Disposable income is the balancing item of the secondary distribution of income account. It shows for each sector its disposable income, which remains after the redistribution of primary income by compulsory or non-compulsory current transfers between the sectors. Total disposable income of all resident units is called disposable national income, which is equal to national income plus net current transfers received from the rest of the world.
Real disposable income
Disposable income of a sector is the income that remains after redistribution of the primary income by compulsory or non-compulsory current transfers between sectors (taxes on income and capital, social premiums and benefits and other income transfers). Primary income is defined as income from compensation of employees, interest, dividends, taxes and subsidies on production and imports. Disposable income is spent on consumption and free savings.
Real disposable income is disposable income adjusted for the price changes in the consumer expenditure of households (including non-profit institutions serving households).
The percentage change of the real disposable income is calculated on the basis of moving annual totals. The real disposable income of a reporting quarter plus that of the previous three quarters is divided by the sum of real disposable income of the four corresponding quarters a year earlier. The percentage change for the fourth quarter is equal to the change for the year.


Adjusted disposable income
Adjusted disposable income is equal to disposable income of households including NPISH plus any income transfers in kind provided to households free of charge by general government or NPISH. This variable facilitates comparisons over time and across countries when there are differences or changes in economic and social conditions.
Final consumption expenditure
Expenditure on goods or services that are used for the direct satisfaction of individual or collective needs. Expenses may be made at home or abroad, but they are always made by resident institutional units, that is households or institutions residing in the Netherlands. By definition only households, non-profit institutions serving households (NPISHs) and government institutions consume. Enterprises do not: expenses they make on goods and services are thought to serve production and are therefore classified as intermediate consumption of fixed capital formation. The general government is a special case. The government also has intermediate consumption, just like enterprises. But the output delivered by the government which is not directly paid for, non-market output (like safety), is classified as consumption by the general government. It is said that the government ‘consumes its own production’. The system of national accounts demands that all that is produced is also consumed (or serves as an investment). By convention, government output is consumed by the government itself. This is not the only consumption by the general government. It also contains social transfers in kind. In the Netherlands this mainly concerns health care bills paid for by the government and an allowance for the rent.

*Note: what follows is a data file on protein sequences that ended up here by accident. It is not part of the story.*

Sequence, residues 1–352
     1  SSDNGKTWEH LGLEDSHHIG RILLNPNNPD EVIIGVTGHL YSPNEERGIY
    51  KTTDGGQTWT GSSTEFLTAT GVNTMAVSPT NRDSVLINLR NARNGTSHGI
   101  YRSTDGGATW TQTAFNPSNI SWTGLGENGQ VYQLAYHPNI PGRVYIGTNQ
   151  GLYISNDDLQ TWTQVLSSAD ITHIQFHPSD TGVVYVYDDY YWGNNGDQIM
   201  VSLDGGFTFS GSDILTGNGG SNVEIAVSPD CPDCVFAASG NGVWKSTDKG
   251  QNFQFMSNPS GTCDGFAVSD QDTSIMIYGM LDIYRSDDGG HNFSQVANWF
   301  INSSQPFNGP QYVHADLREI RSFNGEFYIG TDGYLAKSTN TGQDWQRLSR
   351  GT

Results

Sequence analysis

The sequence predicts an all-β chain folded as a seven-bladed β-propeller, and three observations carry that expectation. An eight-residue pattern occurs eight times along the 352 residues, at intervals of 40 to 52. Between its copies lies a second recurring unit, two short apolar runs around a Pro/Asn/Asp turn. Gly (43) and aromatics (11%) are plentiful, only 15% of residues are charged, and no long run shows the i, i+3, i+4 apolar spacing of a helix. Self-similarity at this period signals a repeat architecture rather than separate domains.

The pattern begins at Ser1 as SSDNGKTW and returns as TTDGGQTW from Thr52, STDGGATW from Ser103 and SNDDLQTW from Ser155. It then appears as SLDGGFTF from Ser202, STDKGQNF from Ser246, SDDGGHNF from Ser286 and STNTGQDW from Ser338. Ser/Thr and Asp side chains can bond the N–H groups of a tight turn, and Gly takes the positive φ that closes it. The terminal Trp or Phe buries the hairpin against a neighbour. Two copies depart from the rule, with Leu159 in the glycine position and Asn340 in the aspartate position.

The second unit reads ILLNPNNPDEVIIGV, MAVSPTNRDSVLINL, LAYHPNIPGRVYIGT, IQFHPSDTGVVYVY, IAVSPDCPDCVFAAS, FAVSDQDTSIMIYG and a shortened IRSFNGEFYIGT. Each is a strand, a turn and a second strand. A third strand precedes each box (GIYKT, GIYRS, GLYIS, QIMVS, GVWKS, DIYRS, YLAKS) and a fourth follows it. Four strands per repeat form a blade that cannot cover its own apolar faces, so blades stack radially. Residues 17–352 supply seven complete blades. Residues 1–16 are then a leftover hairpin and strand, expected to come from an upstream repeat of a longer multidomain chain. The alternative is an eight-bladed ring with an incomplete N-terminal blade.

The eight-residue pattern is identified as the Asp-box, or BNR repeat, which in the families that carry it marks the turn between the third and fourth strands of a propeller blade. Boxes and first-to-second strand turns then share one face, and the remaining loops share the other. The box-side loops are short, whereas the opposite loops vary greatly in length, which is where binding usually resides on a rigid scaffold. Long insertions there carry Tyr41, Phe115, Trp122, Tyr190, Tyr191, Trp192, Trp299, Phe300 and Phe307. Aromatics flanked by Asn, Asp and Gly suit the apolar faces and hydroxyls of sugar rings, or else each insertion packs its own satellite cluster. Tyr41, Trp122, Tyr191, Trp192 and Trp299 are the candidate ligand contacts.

Free / individual savings
The part of the disposable income of sector households including NPISHs that is not used for the final consumption expenditure. The sum of the free savings and the balance of capital transfers received is available for capital formation, investments in financial assets or debt repayment.
Savings ratio
The savings ratio equals the gross disposable income, adjusted for the net equity in pension funds reserves, minus the consumption expenditure divided by the gross disposable income, adjusted for the net equity in pension funds reserves.
Households' capital formation ratio
Households' capital formation ratio equals gross household capital formation divided by gross disposable income, adjusted for the net equity in pension funds reserves.
Savings deposits and other deposits
Savings deposits and other deposits are all the savings of individuals and deposits (in euros and foreign currency) at any resident and non-resident bank, which are not immediately transferable without restrictions.
Insurance, pension and guarantee schemes
Insurance, pension and standardised guarantee schemes are divided into six subcategories:
- non-life insurance technical reserves
- life insurance and annuity entitlements
- pension entitlements
- claims of pension funds on pension managers
- entitlements to non-pension benefits
- provisions for calls under standardised guarantees
Pension entitlements and claims
Pension entitlements and claims of pension funds on pension managers and entitlements to non-pension benefits
Pension entitlements comprise financial claims that current employees and former employees hold against either:
- their employers;